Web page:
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The vanishing American middle class should be way more alarming than people seem to realize

DATE IMPORTED:November 28, 2014An empty shopping cart is seen outside a Best Buy store in Westbury, New York November 28, 2014. The Best Buy re-opened at 8am after opening Thanksgiving evening at 5pm and closing at 10 pm ahead of many other Black Friday retailers. REUTERS/Shannon Stapleton
Reuters/Shannon Stapleton
Income inequality leaves more Americans able to buy less.
By Gwynn Guilford
Published Last updated This article is more than 2 years old.

Americans just keep getting richer. More than one-fifth of American adults now live in ”upper-income” households, up from 14% in 1971 (i.e. three-person households that make more than $126,000 annually, in 2014 dollars), according to a new report by Pew Research Center.

Hooray, right? Well, fortune hasn’t favored everyone—or even most people. The middle-class’ share of the US population has shrunk since 1971 (meaning, three-person households making between $42,000 and $126,000, in 2014 dollars). And while some made the leap to the uppermost income bracket, in absolute terms, far more have slipped into the poorest swath of society.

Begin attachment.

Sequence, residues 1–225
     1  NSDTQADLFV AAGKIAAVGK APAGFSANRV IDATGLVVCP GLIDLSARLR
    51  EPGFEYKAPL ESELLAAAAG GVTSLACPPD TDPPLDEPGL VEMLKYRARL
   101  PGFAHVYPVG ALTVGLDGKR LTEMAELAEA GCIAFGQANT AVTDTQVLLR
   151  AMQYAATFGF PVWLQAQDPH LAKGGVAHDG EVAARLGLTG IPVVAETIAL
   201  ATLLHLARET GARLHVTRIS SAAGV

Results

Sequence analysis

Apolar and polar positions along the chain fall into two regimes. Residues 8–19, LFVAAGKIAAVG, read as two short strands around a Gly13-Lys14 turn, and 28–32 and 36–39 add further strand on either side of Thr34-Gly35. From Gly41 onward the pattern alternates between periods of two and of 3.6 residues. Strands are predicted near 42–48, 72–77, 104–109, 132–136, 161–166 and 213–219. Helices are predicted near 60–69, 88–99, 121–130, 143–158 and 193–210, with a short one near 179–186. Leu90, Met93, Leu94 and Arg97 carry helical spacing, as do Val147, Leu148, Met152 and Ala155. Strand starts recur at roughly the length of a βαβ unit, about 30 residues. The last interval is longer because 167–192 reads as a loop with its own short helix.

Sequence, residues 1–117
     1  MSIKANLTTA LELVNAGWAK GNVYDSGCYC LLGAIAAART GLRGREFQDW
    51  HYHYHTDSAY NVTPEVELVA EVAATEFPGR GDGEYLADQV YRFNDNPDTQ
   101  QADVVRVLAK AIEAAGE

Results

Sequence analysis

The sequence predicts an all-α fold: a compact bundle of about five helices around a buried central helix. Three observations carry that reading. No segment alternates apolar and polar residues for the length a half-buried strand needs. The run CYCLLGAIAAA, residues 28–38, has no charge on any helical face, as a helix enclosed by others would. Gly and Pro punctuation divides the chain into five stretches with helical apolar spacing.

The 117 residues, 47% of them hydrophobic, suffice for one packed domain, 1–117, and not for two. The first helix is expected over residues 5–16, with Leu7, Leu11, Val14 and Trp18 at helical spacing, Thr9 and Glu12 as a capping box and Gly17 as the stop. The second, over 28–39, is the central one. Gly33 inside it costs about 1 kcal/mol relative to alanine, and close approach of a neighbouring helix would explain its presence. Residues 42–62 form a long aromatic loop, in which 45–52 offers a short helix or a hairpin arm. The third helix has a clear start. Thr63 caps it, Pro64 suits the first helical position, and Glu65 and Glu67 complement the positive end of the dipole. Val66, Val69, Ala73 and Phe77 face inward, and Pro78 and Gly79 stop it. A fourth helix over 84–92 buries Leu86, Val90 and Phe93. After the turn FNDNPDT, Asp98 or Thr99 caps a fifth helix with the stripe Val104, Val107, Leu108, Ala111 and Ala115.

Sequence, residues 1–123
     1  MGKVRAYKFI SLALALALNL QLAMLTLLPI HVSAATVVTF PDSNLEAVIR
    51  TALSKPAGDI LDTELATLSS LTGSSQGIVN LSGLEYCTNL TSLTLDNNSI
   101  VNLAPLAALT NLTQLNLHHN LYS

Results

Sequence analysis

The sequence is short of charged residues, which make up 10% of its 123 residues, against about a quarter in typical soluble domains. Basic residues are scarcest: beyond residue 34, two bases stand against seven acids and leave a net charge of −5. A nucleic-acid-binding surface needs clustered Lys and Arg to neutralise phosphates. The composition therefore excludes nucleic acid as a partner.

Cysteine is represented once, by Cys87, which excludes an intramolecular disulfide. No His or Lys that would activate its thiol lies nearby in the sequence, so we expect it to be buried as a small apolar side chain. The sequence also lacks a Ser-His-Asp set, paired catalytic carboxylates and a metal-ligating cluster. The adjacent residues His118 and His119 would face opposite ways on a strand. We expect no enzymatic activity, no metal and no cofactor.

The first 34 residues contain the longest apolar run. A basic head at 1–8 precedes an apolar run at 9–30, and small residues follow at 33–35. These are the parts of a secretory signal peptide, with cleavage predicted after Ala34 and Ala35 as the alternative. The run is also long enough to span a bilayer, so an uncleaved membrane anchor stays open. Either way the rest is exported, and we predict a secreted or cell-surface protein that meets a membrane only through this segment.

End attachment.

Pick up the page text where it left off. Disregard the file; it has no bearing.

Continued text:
As American circumstances have diverged, the share of total income held by middle-class households has plummeted, falling from 62% in 1970 to just 43% in 2014, reports Pew. Meanwhile, upper-income households now claim nearly half of those total earnings, up from 29% in 1970.

This isn’t just sad news for the less well-heeled; it’s ultimately an ominous sign for the US economy, nearly seven-tenths of which comes from personal consumption. A single household—even the richest you can imagine—can only buy so much stuff. Putting more wealth in the hands of an ever-shrinking share of Americans eats away at the US economy’s overall capacity to consume. Since the US is one of the few bright spots in the global economy these days, this erosion of American consumers’ purchasing power will keep weakening growth everywhere.


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